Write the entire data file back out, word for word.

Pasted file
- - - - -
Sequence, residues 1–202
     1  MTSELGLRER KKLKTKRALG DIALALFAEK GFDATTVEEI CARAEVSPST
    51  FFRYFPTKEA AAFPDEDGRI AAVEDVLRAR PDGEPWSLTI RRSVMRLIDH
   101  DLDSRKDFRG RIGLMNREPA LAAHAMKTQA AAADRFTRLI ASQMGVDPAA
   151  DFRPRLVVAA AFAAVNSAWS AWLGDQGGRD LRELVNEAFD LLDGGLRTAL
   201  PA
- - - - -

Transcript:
Sequence, residues 1–202
     1  MTSELGLRER KKLKTKRALG DIALALFAEK GFDATTVEEI CARAEVSPST
    51  FFRYFPTKEA AAFPDEDGRI AAVEDVLRAR PDGEPWSLTI RRSVMRLIDH
   101  DLDSRKDFRG RIGLMNREPA LAAHAMKTQA AAADRFTRLI ASQMGVDPAA
   151  DFRPRLVVAA AFAAVNSAWS AWLGDQGGRD LRELVNEAFD LLDGGLRTAL
   201  PA